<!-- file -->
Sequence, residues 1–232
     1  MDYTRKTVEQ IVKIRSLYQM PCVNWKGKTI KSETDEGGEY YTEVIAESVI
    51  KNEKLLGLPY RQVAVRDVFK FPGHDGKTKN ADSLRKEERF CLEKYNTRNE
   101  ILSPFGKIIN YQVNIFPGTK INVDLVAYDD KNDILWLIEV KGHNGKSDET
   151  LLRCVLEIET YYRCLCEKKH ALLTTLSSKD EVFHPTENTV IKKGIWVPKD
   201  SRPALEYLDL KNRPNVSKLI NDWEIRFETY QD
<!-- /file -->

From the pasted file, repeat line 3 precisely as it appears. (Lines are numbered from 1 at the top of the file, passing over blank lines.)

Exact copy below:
    51  KNEKLLGLPY RQVAVRDVFK FPGHDGKTKN ADSLRKEERF CLEKYNTRNE